Risk is alive and well

According to Ibbotson Associates, between 1990 and 1999 the stock market compounded at a dazzling 18 percent annual rate, compared with the historical 75-year average of 11 percent. Despite this statistic, investors exposed themselves to enormous risk to achieve those returns. Review the recent NASDAQ corrections and the broader market swings as a wake-up call. Risk is alive and well.

Hugh F. Doherty, DDS, CFP

According to Ibbotson Associates, between 1990 and 1999 the stock market compounded at a dazzling 18 percent annual rate, compared with the historical 75-year average of 11 percent. Despite this statistic, investors exposed themselves to enormous risk to achieve those returns. Review the recent NASDAQ corrections and the broader market swings as a wake-up call. Risk is alive and well.

How to assess risk

Investment risk is defined as variability of return. But most investors are more concerned about the risk of loss. Generally, the higher the risk of a security, the higher the average return of that security ... and the higher the potential for loss. Several yardsticks can help compare the risk of securities or mutual funds. Information is available free on the Internet. My favorites are http://finance.yahoo. com and www.morningstar.com.

- Beta measures volatility - how much the price of a security moves relative to a specific benchmark, typically the Standard & Poor`s 500 Index. Example: The large-cap growth mutual fund Janus Twenty (JAVLX) has a beta of 1.17 - meaning it is 17 percent more volatile than the S&P 500 Index, which has a beta of 1.0.

- Standard deviation is a statistical measure. In investing, past performance typically determines the range of possible future returns for a security or a whole portfolio, relative to its own long-term average. The higher the risk, the higher the standard deviation. Example: A utility stock might have an annual standard deviation of 20 percent, while a technology stock might have a 60 percent standard deviation.

How to manage risk

(1) Be honest about your own "good night`s sleep threshold." That is the risk level you can tolerate without making rash decisions or abandoning your disciplined investment plan. Factor in your financial situation and emotional temperament. Most doctors overestimate the amount of risk with which they feel comfortable.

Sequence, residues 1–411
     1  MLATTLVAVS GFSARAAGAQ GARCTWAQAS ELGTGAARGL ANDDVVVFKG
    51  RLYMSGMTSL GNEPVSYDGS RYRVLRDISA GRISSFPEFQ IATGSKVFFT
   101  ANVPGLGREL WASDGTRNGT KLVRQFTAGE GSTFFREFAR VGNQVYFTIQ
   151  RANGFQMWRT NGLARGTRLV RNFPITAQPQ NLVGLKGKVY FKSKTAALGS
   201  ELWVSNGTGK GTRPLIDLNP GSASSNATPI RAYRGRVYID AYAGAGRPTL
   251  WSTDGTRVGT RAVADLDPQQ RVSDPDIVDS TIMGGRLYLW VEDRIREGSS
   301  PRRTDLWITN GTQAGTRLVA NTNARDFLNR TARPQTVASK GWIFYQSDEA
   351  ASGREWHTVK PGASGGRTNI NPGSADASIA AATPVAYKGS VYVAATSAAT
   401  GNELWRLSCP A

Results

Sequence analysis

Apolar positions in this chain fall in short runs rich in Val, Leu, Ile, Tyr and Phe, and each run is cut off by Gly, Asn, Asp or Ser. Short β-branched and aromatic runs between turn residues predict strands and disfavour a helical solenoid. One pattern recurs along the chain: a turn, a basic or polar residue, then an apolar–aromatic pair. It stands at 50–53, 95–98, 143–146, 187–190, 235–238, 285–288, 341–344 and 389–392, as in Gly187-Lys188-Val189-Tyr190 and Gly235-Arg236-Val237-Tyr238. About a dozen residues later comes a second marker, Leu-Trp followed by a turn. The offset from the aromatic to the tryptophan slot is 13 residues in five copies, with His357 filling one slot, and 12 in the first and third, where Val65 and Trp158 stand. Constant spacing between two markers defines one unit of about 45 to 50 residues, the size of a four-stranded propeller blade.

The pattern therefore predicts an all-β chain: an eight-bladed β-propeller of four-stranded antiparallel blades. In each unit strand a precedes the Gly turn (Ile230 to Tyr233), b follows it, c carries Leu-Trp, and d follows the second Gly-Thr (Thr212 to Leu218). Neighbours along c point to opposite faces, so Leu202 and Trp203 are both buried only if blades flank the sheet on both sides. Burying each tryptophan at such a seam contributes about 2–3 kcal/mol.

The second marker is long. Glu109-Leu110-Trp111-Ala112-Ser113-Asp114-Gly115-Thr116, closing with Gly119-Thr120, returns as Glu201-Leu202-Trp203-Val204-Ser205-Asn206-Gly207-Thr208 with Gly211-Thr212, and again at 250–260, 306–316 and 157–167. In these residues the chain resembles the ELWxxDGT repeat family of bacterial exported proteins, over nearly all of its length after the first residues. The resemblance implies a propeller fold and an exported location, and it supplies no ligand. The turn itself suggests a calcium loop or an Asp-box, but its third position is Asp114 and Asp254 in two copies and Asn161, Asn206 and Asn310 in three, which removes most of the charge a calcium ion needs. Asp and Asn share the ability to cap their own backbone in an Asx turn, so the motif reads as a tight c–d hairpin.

(2) Determine your time horizon. The more time you have, the more risk you can take ... and the higher your potential return. If you will need access to your money in one to four years, don`t invest in securities.

(3) Diversify investments. Asset classes do not move in tandem. Include in your portfolio high-risk assets, along with low-risk assets - such as tax-free municipal bonds, inflation-indexed government bonds, and money-market accounts. A decline in one category can be minimized by an increase in another.

(4) Don`t assume all bonds are low-risk. It depends greatly on the type of bond, its credit quality, and duration. Prices can fluctuate dramatically with changes in rates.

(5) Diversify within each category; i.e., growth vs. value stocks. Growth stocks have price-to-earnings ratios (P/E`s) higher than the S&P 500 average. Value stocks have lower average P/E`s. Split your investments with a slight bias toward value (say, 55 percent value and 45 percent growth). Long-term studies show that value stocks slightly outperform growth stocks.

(6) Large- and small-cap stocks. The largest 500 companies represent about 70 percent of the capitalization of the stock market; the other companies make up 30 percent. Match those percentages in your portfolio or invest in index funds.

(7) International vs. U.S. stocks. While foreign companies account for 50 percent of the global market, American investors should invest mainly in the U.S. The reason: Currency fluctuations can amplify or erase gains in a foreign stock. Invest about 15 to 20 percent of your stock allocation in foreign companies to reduce portfolio risk. Did you know that owning stock in American multinational companies - such as Coca-Cola or McDonald`s - gives investors significant international exposure? Foreign equities provide diversification, but the effect will decrease over the next two decades with the continued globalization of markets.

Hugh F. Doherty, DDS, CFP, is a Certified Financial Planner, national lecturer, financial adviser to the health-care profession, and CEO of Doctor`s Financial Network. For further information on lectures, study club workshops, or consultations, you can fax to (732) 449-3229, send e-mail to hugh@hughdoherty.com, call (800) 544-9653, or visit www.hughdoherty.com.

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